Kids are ingenious, especially when you're trying to restrict their access to something they like a lot.
I learned this over the span of a few months as I tried to rein in my son's electronics usage. We enforce screen-time rules at our house, but when he changed schools and had to start taking public transit back and forth, his mom and I felt that a phone was important for his safety and so we could keep in touch about our plans.
Too much of a good thing
My son's first device was an Android Motorola Moto-E. This was OK at first, but then we noticed whenever we watched him walk to the streetcar stop that his eyes were always down on his device and he wasn't really paying attention to his surroundings. We also started hearing from the school that all of his recess and free time was being spent playing with the phone (alone).
Of course, we tried coaching him on this, but he couldn't seem to resist when there was no one there to remind him. We were also having challenges with him sneaking in extra screen time beyond his earned daily allocation and we were running out of practical incentives and threats.
Asserting parental control
I attempted, with limited success, to put app restrictions on the phone. For instance, I didn't want him using YouTube, surfing the web or downloading games. A few weeks ago, he figured out how to crash the third party parental control app, rendering it ineffective. The device had the current "Marshmallow" version of Android, which apparently, as of this writing, has few working app restriction options available to replace it with.
In addition, the Moto-E's screen had gotten badly cracked from an accidental schoolyard pavement impact so we decided to just replace the Android smartphone with a dumb phone.
Trying a dumb phone
At first, my son was devastated that we had gotten him a circa-2000 feature phone, but then he found the built-in games and began racking up the high scores. Maddeningly, the dumb phone was so dumb that there was no way, google as I might, to hide, delete or otherwise disable the games.
My son kind of mocked me about my inability to take the games off, which, I have to admit, didn't result in a kind reaction on my part. I confiscated the device and let him cope with no phone for a little while.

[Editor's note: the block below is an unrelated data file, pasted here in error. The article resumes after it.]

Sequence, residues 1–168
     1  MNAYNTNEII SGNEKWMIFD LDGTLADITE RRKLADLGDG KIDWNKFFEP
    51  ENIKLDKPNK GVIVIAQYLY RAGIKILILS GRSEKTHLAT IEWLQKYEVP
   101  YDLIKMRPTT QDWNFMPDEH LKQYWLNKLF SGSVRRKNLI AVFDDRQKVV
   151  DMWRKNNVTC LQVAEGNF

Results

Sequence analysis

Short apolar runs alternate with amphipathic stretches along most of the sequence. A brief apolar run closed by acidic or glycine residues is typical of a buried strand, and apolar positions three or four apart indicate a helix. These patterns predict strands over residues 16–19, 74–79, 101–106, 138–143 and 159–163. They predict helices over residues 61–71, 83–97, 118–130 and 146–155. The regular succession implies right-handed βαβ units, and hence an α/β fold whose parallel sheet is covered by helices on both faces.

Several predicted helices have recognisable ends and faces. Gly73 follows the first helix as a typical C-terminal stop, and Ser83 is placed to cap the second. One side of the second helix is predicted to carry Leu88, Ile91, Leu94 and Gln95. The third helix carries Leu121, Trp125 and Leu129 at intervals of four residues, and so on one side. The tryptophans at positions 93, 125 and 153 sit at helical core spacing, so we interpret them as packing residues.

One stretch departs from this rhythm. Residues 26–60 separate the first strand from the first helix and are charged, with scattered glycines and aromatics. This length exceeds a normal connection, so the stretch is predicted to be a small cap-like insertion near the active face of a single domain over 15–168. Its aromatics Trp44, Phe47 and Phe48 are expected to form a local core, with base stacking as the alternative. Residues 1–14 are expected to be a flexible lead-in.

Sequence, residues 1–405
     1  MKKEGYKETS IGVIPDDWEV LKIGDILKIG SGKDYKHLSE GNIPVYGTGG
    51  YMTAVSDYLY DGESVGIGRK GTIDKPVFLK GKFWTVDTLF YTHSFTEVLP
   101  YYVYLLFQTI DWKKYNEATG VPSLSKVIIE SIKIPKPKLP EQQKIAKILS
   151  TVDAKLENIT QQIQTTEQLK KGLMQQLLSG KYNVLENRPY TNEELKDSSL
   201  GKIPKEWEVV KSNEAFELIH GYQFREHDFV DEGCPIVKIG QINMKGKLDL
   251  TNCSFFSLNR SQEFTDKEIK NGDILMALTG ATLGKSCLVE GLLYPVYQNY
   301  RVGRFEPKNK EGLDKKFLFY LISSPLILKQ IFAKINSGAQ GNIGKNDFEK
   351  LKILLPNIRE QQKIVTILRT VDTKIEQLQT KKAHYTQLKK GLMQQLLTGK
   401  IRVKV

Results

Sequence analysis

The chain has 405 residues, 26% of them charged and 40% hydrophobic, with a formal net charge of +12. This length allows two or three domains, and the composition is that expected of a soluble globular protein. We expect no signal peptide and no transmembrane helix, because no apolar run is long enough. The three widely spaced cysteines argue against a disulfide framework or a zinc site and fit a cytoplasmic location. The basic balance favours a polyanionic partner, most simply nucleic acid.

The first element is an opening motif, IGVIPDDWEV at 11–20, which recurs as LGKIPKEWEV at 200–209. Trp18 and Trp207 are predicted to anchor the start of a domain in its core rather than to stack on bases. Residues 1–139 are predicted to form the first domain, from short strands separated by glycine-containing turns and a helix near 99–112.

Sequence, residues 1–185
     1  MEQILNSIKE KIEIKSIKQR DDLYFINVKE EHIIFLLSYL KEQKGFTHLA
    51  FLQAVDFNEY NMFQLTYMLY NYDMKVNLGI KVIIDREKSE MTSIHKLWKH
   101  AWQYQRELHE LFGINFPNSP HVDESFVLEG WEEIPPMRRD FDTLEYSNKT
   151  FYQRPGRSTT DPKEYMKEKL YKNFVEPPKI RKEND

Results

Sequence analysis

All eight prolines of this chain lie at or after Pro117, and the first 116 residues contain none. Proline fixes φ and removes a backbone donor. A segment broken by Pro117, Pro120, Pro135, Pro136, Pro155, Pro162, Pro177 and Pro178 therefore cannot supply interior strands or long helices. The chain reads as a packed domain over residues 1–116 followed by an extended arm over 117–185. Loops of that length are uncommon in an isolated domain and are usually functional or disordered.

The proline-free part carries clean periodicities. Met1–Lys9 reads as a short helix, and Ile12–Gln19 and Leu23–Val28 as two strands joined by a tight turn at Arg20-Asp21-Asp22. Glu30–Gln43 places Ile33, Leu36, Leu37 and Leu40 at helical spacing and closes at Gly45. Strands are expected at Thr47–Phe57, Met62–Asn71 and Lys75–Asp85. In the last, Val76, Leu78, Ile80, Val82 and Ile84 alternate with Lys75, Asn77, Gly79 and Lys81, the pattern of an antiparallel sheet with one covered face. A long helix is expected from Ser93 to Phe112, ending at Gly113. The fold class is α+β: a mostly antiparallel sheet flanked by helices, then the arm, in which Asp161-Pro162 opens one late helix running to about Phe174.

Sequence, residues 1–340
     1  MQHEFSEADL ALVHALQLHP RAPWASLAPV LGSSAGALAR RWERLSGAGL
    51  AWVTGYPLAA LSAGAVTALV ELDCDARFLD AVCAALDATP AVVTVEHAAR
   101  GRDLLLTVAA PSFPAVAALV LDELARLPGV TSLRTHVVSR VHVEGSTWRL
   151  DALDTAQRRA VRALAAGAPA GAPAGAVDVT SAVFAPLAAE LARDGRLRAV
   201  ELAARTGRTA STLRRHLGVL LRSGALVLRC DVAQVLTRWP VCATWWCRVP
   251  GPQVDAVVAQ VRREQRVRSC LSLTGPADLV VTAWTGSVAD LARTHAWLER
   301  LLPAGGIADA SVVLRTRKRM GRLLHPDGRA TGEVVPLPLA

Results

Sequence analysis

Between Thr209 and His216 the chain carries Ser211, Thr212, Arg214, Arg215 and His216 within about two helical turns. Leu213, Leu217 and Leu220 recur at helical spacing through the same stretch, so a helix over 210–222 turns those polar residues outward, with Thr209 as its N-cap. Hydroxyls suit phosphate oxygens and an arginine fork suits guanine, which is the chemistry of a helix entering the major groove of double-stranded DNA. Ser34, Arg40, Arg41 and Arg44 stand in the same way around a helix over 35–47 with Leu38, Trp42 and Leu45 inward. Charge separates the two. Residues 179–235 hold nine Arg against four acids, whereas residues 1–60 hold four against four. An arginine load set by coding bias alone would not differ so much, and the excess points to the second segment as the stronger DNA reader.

I still wasn't comfortable with safety implications of him not having a way to reach us, so I got hyper-focused on researching a better solution.
Google has inexplicably restricted their Android-level Restricted Profiles to tablets only, meaning that for a phone, iOS has by far the best built-in parental controls. Granted, there are more third party apps available to manage child access on Android, but in my earlier experience, they were all pretty clunky on Marshmallow and almost trivial to defeat.
Back to smartphones: iOS
I decided to return the dumb phone and replace it with a cheap, refurbished, unlocked iPhone 5C so I could leverage iOS's capabilities.
I had found, in addition to Guided Access and Restrictions, that Apple provides an even heavier-duty access control solution you can access using the free Apple Configurator if you have a Mac on which to install it.
Apple Configurator is intended for schools and businesses that have a lot of devices to configure, and employees or students they need to keep out of trouble. The level of control it provides is almost overwhelming. You can:
- Disable the App Store, app installs, app uninstalls, purchases
- Disable web browsing
- Disable Siri, camera, Airdrop and other features
- Disable specific apps, even if they're not currently installed on the device.
- You can even Apple's own unremovable system apps (like "Stocks", "Compass" and "Videos")
- Implement content filtering
- Configure all settings from the Mac and lock them out on the device itself.
Okay, as a tech-savvy reader, you might be thinking, "Pierre, there are a lot of third party parental control apps that restrict most of these same things and they're really easy to use."
True. Most dedicated parental control solutions have the advantage of being more user friendly to set up and offer smart features like remote control for parents and timed access. But if you child has the device's lock code (which is generally advisable if the screen locks itself for security) then the configuration profile that those apps install can easily be removed once they find it in the phone's settings.
Apple Configurator works in a similar manner to the third party apps, installing a configuration profile on the device through a USB connection. However, it goes a step further by implementing Supervision, which locks the configuration profile so that it can only be removed through Apple Configurator itself, with dedicated password or time-unlock protection.